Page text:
The Detroit Free Press reports that Hill was one of 9 people indicted last fall in the scandal. Officials charged him with taking kickbacks "in the form of a new Mustang GT convertible in 2005 and a new Dodge Durango SUV in 2006...[and] using DPS funds to pay for his $40,000 retirement party when he temporarily left the district in September 2005."

Here's more from the Free Press:

Stephen Hill, a former Detroit Public Schools executive, is facing up to 9 years in prison after pleading guilty today to his role in a scheme that looted more than $3 million from the cash-strapped district.

Hill, who admitted that he accepted roughly $150,000 in kickbacks from a vendor that overbilled district for inadequate work, pleaded guilty to extortion and conspiring to commit program before U.S. District Court Judge Paul Borman.

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May 3rd Election - Commentary
11:41 am
Mon May 2, 2011

Testing Time

Everyone understands that our cities are going to have to make do with less help from Lansing. In fact, nearly every city, village and township  in Michigan has had a harder time the last few years.

Not only has revenue sharing been cut; declining property values and more foreclosures has meant less tax revenue.

Now, we are about to find out the answer to a crucial question:  Are the residents of hard-hit cities going to be willing to pay a little extra to keep up services and their quality of life?

Tomorrow, a number of cities around the state will ask their residents to do just that. Perhaps the most important of these elections is in Southfield, just north of Detroit in Oakland County, one of the many suburbs that exploded after the coming of the freeways.

Southfield’s gleaming office towers hold a daytime population of perhaps two hundred thousand. But at night, seventy-one thousand people call Southfield home. The city is one of well-kept split levels and ranch houses, with a lovely city center complex and one of Michigan’s newest and largest libraries.

Thirty years ago, Southfield was populated largely by young Jewish families. Today, it hasn’t lost its leafy character, but is now seventy percent African-American. Thanks largely to the recession, housing values have crashed, and so have sales tax receipts.

Mayor Brenda Lawrence and the other city leaders know they are on the point of a knife. They have to keep services up and crime down, or their city could topple into urban decay. They don’t say it aloud, but their biggest fear is that Southfield could become Detroit.

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The Death of Osama bin Laden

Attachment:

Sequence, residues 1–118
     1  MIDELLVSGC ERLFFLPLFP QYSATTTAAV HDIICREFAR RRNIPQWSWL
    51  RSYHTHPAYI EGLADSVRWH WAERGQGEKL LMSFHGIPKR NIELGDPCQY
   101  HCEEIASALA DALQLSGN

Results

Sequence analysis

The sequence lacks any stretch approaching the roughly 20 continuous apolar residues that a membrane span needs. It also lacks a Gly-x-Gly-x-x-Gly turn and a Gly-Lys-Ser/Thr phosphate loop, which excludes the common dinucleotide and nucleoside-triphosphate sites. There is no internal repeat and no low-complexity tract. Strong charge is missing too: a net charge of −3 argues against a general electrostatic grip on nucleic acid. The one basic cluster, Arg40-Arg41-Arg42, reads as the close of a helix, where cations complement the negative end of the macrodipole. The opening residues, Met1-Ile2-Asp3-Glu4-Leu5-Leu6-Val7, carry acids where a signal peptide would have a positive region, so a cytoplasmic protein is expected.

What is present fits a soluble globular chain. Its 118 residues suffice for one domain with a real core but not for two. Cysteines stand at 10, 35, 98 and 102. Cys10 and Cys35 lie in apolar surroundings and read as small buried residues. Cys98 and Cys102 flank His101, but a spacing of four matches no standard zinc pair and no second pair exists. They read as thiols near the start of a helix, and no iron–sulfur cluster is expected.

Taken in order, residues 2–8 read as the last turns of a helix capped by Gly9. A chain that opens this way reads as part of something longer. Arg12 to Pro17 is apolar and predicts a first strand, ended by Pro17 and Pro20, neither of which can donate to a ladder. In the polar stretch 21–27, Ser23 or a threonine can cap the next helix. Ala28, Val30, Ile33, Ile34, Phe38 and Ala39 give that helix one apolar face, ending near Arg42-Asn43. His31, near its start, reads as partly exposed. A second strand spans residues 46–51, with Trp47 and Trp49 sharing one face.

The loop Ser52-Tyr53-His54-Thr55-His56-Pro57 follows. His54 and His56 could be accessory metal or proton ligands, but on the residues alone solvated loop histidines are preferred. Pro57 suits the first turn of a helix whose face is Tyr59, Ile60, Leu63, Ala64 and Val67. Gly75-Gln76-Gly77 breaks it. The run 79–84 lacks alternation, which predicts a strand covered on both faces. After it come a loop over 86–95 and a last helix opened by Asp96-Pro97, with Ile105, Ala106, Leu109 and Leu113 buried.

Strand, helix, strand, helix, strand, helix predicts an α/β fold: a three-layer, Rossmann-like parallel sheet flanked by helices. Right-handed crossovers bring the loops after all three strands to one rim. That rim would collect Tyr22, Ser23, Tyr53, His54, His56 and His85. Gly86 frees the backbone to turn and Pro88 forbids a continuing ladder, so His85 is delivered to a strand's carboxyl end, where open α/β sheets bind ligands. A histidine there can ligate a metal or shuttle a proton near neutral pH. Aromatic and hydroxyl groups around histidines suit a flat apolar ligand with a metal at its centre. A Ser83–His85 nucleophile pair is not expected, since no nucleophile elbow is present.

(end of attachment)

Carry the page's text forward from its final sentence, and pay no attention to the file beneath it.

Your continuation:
11:34 am
Mon May 2, 2011

Detroit area imams "welcome" Osama bin Laden's death

Dawud Walid of the Council on American Islamic Relations is flanked by Detroit area imams at a news conference in Southfield.
(photo by Steve Carmody/Michigan Radio)

A group of Detroit area imams say they are glad U.S. Navy Seals killed Osama bin Laden over the weekend. The imams representing different groups within southeast Michigan’s Muslim community say Osama bin Laden’s death was justified.       

Dawud Walid is with the Council on American Islamic Relations. He says bin Laden was a criminal for his acts of terrorism. Some have  questioned whether bin Laden's burial at sea may have disrespected Islamic tradition. Dawud Walid disagrees.

“Osama bin Laden did the ultimate disrespect  when he attacked churches and mosques…and when he killed thousands of Americans at the  World Trade Center.  That’s the ultimate disrespect.  Not whether he was buried on  the water or under the earth.”

The imams agree that the U.S. government should release as much information as possible about the hunt and death of Osama bin Laden. Not toconvince them. But to keep Osama bin Laden's followers from refusing to believe he’s dead.

They are concerned that Osama bin Laden could otherwise become something of an "Elvis Presley"-like figure among his followers.

National
11:20 am
Mon May 2, 2011

Homeland Security says no increased security threat

The head of the Department of Homeland Security says they are not issuing a threat warning in the wake of Osama bin Laden's death.

Here's the statement by Secretary of Homeland Security Janet Napolitano:

The death of Osama bin Laden is an important success not only for the United States, but the entire world. Our efforts to combat terrorism, however, do not fixate on one individual, and we remain completely focused on protecting our nation against violent extremism of all kinds.

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News Roundup
9:45 am
Mon May 2, 2011

In this morning's news...

Osama bin Laden is dead, Detroit reacts

The Detroit Arab American and Muslim communities reacted last night as news of Osama bin Laden's death spread. The Council on American-Islamic Relations (CAIR) and the Council of Islamic Organizations of Michigan are holding a press conference this morning at 9:30. Michigan Radio's Steve Carmody is there and will have an update for us. Here's a statement from CAIR: